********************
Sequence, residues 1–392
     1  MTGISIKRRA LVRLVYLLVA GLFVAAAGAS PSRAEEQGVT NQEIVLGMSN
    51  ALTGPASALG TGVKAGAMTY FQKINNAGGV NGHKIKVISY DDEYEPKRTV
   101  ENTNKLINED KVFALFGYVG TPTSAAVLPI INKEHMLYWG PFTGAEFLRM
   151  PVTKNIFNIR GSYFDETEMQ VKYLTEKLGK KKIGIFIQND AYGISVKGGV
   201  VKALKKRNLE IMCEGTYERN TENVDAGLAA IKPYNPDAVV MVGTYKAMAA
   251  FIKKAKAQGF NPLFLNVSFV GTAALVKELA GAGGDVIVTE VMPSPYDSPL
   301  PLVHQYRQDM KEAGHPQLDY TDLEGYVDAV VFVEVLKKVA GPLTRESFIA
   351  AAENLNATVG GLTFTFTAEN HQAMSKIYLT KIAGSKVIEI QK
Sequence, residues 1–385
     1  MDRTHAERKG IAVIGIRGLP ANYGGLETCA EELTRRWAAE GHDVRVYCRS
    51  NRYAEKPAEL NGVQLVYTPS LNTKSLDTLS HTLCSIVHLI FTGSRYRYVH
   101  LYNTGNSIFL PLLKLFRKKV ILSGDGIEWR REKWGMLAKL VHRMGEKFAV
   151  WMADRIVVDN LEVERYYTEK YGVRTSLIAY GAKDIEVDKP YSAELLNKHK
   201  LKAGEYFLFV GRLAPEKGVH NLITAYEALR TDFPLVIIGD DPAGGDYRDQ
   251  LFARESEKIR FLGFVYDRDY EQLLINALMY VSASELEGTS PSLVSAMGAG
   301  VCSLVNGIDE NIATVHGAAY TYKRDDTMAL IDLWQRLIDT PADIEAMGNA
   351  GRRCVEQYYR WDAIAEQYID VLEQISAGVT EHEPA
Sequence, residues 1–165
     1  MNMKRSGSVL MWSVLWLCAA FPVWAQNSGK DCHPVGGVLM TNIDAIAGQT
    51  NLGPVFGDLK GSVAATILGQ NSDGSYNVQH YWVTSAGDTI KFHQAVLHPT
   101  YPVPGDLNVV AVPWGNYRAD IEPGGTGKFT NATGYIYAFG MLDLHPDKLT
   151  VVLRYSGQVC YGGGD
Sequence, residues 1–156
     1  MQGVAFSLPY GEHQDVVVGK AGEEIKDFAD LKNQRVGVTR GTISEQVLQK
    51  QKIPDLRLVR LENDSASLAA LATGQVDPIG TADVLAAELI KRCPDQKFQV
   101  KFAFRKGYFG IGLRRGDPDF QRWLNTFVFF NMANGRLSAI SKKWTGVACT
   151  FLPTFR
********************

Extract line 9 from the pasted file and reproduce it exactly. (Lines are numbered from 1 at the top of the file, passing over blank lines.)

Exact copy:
   351  AAENLNATVG GLTFTFTAEN HQAMSKIYLT KIAGSKVIEI QK